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Sewing Basics: How to Sew on a Button

Everyone has lost a button on a coat or garment at one time or another. Before you rush off to a seamstress, learn this simple skill yourself and save yourself time and money. Once you learn how, replacing buttons is a breeze and you can even replace tired old buttons with ones you like better!

  1. Select thread that will match your button. Using a striaght cut with sharp scissors, cut off at least 5 inches of thread.

  2. Lick one end of the thread and insert through the eye of the needle to thread the needle. To reduce the number of times you have to thread the holes in the button, double thread your needle. To double the thread, simply pull the thread through the eye of the needle until you have equal lengths of thread extending from both sides. You can repeat this with another thread for a super-strong quadruple-thread.

  3. Tie the ends of the thread together for a beginning knot. If you did not double the thread, tie a knot at the end of the thread.

  4. Align the button on the fabric. Make sure it lines up with the button hole on the other panel. If a button was on the garment previously, use the old button holes as a guide.

  5. Push the needle through the fabric up from the button through one hole in the button and slowly pull to the knot.

  6. Before you start stitching across the button, place a needle, pin, or toothpick across the button and hold it there while you make the first stitches. Removing this pin when finished creates the necessary space between the button and the garment so that it can be buttoned.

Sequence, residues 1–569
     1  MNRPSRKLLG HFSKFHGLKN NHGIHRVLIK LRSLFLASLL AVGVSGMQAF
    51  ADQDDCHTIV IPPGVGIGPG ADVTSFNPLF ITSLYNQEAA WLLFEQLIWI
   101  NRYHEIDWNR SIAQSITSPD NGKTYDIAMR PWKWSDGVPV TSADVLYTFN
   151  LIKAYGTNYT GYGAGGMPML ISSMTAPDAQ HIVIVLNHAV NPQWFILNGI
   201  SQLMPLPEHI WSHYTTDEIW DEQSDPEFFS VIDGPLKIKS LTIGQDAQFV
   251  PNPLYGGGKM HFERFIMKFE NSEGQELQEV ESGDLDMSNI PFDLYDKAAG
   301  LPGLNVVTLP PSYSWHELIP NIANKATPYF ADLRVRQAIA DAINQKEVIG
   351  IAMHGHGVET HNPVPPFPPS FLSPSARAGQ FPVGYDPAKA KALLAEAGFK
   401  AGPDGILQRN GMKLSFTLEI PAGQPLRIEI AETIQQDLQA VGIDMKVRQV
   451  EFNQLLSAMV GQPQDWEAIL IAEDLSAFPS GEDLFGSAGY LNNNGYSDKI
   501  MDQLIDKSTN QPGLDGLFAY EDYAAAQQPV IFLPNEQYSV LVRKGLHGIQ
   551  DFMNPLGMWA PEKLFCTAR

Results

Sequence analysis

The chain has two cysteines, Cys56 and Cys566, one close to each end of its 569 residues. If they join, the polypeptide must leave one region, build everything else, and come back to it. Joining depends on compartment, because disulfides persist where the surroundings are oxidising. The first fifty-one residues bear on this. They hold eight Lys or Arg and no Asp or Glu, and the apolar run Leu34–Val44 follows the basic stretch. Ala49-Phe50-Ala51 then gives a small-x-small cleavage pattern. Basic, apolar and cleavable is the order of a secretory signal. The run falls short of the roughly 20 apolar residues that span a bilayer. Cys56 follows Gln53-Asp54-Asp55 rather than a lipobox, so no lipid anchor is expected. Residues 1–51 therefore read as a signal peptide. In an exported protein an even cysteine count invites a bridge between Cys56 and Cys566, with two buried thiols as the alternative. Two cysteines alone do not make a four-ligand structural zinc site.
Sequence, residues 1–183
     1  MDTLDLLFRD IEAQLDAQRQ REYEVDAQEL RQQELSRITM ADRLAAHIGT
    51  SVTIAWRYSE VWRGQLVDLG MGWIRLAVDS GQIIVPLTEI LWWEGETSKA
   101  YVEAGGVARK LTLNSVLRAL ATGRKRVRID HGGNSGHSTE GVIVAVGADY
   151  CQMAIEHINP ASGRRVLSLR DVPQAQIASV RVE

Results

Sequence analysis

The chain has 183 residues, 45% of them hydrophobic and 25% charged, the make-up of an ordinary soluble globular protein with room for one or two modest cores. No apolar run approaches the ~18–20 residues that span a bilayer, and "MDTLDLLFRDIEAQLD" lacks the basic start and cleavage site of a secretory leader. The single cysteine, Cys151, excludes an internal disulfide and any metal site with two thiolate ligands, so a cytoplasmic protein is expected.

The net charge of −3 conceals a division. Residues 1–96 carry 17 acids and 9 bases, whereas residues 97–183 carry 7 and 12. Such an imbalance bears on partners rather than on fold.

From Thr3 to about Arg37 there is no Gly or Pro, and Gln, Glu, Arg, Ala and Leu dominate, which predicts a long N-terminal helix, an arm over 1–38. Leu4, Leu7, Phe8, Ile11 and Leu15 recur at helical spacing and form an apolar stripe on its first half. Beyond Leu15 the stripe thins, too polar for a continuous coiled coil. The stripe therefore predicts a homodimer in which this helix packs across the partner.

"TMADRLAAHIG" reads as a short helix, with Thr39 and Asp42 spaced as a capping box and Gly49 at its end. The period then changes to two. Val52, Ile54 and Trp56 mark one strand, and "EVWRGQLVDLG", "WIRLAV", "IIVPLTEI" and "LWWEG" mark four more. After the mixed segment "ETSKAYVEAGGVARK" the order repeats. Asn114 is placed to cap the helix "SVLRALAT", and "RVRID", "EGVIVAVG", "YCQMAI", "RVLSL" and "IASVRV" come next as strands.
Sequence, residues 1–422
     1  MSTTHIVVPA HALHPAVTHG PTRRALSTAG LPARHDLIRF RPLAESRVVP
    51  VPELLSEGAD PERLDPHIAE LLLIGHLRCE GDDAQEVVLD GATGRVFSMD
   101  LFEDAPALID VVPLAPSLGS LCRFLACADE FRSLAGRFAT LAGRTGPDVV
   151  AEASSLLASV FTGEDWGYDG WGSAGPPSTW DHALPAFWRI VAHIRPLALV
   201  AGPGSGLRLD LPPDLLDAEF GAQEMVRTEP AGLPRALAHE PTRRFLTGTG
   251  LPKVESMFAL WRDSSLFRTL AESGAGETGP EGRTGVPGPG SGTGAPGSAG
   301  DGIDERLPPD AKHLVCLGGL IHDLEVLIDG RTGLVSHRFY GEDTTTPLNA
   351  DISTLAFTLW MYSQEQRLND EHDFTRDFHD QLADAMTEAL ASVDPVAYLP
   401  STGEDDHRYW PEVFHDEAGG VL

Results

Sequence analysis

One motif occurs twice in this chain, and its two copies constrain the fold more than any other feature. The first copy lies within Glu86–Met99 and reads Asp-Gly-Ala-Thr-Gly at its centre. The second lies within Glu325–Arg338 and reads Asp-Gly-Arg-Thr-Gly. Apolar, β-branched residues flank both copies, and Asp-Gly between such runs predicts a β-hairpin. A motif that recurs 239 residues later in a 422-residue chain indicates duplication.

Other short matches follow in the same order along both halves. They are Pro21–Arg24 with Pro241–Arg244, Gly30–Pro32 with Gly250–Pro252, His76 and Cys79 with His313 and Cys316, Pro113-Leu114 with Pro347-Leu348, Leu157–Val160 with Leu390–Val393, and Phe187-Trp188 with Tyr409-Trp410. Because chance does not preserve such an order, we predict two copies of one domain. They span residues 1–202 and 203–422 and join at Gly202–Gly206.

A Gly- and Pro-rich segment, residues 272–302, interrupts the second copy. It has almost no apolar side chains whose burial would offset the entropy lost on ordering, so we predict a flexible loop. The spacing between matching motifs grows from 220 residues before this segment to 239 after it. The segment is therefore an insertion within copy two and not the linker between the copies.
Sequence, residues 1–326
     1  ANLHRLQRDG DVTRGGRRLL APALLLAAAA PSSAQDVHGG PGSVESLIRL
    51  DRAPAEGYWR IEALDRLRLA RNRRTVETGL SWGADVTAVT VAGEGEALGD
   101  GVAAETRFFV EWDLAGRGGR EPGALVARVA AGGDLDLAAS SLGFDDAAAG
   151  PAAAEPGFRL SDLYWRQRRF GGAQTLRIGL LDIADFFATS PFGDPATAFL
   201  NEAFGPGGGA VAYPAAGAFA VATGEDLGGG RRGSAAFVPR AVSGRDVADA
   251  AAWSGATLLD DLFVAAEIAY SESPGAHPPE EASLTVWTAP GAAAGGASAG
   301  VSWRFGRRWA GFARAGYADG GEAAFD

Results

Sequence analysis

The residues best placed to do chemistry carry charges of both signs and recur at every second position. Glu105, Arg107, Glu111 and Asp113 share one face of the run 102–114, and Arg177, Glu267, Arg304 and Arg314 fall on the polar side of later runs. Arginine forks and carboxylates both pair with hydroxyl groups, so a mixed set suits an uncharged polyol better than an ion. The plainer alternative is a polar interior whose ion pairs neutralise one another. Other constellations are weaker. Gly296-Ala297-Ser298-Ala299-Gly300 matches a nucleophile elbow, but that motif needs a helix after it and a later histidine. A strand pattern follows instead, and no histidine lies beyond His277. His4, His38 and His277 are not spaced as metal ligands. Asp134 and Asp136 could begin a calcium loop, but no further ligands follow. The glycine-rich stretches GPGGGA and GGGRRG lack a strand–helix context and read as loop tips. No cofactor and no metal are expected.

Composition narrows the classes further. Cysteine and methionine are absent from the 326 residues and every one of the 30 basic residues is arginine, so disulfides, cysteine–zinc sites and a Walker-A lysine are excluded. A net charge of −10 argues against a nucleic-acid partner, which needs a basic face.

7. To match the other buttons on the garment with 4-hole buttons, check whether the stitches are crossed or parallel. For parallel lines, push the needle down through a hole next to the first hole. For crossed X lines, push the needle down through the hole diagonal.  For a 2-hole button, you only have one choice!

  8. Bring the needle up through a new hole in a 4-hole button, or the first hole in a 2-hole button.

  9. Repeat the process until the button is secure, making sure the stitches are equally made. Remember, you have to do this less times with a double or quadruple thread.

  10. On the last stitch, push the needle through the material, but not through a button hole, in the area between the fabric and the button. Pull the thread through.

  11. Remove the pin or needle and pull up gently on the button to give you some space.

  12. To reinforce the thread between the button and the fabric, take the needle and wrap it around the thread five or six times.

  13. Push the needle back down through the fabric.

  14. To secure the thread, backstitch a couple times. Stick the needle into the fabric near the knot, push the needle over a quarter inch to the left and bring it back up, pulling taut. At the left end of your stitch, repeat this process. Do this a few times. You can also make these stitches at the beginning before sewing on your button.

  15. Cut off any excess thread and you are done!

 For a fun video demonstration, check this out.

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I think I'm the only person who can sew a button on clothes so everyone asks me too. I had a problem in securing the thread so thanks for that lesson.

I tried to teach all my children how to sew a button on when they were young but they did not want to watch. When me oldest was in the service first thing He asked when he was on leave was "MOM WILL YOU SHOW ME AGAIN HOW TO SEW ON A BUTTON. THEY CHARGE $25 TO SEW ONE ON IN THE SERVICE" and he learned. Everyone should learn this and it does not take long. This is a good tutorial and it leads you to a link for a video. I learned some new things too that do not do like they do but I like much better. Never wrapped the button like that.Anyone else see it done different then you do?

Where were you when I was 9 years old? I was home sick in bed and my Dad brought me one of his shirts and everything I would need for the project and asked me to sew a button on. When he came back 15 minutes later I was still trying to make the knot in the thread big enough so it wouldn't go through the hole in the button.



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